My personal favorite chapters in this book are the interior ones where Tyson unveils his specialty, spectroscopy, and shows how it has determined that most of our known elements and no small amount of chemical compounds (like ammonia) were born in the process of fusion in the largest stars (far larger than our own "dwarf") that then went super- or hypernova, scattering these elements -- to get a little fanciful -- to the solar winds and eventually to us. But here's the problem that makes DEATH BY BLACK HOLE merely a good book, not a near-great one: it was based on columns Tyson wrote for a journal that apparently ran at greater intervals than the couple of chapters even the most casual reader will go through in an evening. There was no editing out of re-taught facts and theories, so the reader is exposed to a good deal of "Previously, on DEATH BY BLACK HOLE," when a little trimming and redaction would have saved this glitch from happening. Also, by the book's concluding chapters we start to hear more about Tyson's thoughts on how we non-specialists should approach the cosmos. He is well equipped to do this, and welcome to do this, but nonetheless the topic of this book has edged out of 'Cosmic Quandaries' into social and educational quandaries of the author's delineation. Therefore, what should have been a five-star book becomes a four-star collection of columns in book form.
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on March 13, 2017
The book seems great, I just find the reader to have that "cheesy radio DJ voice", whilst also sounding a bit monotonous. Given how great of a speaker Neil DeGrasse Tyson is, I really wished he had been the one reading the book.
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on February 20, 2015
This review would have had a very different title if it was the first of NDT's books I read.

The book by itself is pleasant, entertaining, at times hilarious and uncovers many little wonders of the cosmos.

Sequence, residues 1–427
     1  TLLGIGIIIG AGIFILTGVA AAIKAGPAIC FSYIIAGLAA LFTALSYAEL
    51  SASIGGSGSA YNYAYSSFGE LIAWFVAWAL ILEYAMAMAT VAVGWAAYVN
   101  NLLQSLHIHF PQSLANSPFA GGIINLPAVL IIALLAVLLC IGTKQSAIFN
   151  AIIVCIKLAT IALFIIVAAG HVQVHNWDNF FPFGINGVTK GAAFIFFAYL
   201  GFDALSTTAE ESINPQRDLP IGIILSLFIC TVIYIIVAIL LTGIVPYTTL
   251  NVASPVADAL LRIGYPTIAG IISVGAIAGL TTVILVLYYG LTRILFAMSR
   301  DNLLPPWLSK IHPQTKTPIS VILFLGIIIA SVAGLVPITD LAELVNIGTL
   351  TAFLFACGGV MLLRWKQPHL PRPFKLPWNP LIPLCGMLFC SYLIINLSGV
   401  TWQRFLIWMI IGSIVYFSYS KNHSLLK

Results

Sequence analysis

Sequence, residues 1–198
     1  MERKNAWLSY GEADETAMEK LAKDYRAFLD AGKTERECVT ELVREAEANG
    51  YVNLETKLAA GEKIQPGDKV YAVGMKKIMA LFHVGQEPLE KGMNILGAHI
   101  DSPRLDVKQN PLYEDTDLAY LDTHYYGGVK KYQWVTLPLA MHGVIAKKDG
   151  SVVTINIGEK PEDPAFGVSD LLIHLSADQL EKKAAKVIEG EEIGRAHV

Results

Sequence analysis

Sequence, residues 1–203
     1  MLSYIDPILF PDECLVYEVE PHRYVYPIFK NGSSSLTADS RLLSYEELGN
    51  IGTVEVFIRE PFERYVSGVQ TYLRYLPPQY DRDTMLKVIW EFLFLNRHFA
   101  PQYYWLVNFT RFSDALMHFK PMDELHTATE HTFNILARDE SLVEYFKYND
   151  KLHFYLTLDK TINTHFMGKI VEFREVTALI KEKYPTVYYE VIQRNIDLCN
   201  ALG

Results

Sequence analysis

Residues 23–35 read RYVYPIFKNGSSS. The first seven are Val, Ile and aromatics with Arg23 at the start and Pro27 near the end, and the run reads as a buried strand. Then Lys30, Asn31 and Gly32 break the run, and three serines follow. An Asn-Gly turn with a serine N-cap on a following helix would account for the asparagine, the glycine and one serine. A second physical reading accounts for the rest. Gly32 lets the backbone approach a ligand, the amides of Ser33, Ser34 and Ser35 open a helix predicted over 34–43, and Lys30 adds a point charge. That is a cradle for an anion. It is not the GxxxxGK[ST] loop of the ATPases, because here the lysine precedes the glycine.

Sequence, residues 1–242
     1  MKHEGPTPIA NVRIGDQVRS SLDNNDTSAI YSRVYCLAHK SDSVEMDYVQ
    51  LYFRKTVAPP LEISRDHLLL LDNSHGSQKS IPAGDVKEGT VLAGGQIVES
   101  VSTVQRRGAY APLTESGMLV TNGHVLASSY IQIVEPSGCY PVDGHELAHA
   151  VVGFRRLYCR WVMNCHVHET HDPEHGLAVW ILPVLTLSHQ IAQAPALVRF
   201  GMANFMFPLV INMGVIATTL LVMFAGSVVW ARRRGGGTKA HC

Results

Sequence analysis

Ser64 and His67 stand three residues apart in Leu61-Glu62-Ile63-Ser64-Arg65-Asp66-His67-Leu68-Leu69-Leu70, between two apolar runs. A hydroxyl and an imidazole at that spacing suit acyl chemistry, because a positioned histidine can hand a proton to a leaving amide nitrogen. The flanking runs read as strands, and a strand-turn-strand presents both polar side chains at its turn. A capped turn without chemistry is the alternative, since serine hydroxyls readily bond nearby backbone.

But

If you've read already some of his other books you will find out that some of its parts are a simple copy and paste exercise, the science never goes deeper than what a 10yo can grasp and some parts badly needed to be updated (by years) at the time the book had hit the shelves.

MDT is a smart and busy academic, yet this is no excuse to reuse whole chapters of previous pibblications in more tha one book whothout even caring to update.This is lazy, especially comming from someone who constantly complains about the lazyness of our species.

If it is your first NDT's book you read you will surely enjoy it all and ask for more. If it is the second, be ready to jump whole chapters that you've already seen.
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on February 26, 2007
Death By Black Hole is an impressive and wonderful trip through the cosmos

as seen and explained by the eminent author. Mr. Tyson has wowed me many times at the Planetarium and now I have caught up with his scholarly yet

accessible columns. Mr. Tyson is a shining star; descriptions do not bog down,but as the reader I flew along and loved the ride. Yes,I could go on and on and describe each chapter's pertinent details,but that would take the fun out of your own trip!
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on March 31, 2017
This book is AWESOME. Tyson does a great job of explaining complex processes, objects, and ideas while keeping a light tone with just the right amount of humor and sarcasm.
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on March 6, 2017
Great read, my teenage daughter loves this book.
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on April 6, 2017
If you are a NDT fan - you'll love this. Informative, thought provoking with plenty of timely humor.
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on March 18, 2017
my son likes this book
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on April 3, 2017
I got it as a gift for my nerdy boyfriend who loved it. Great gift!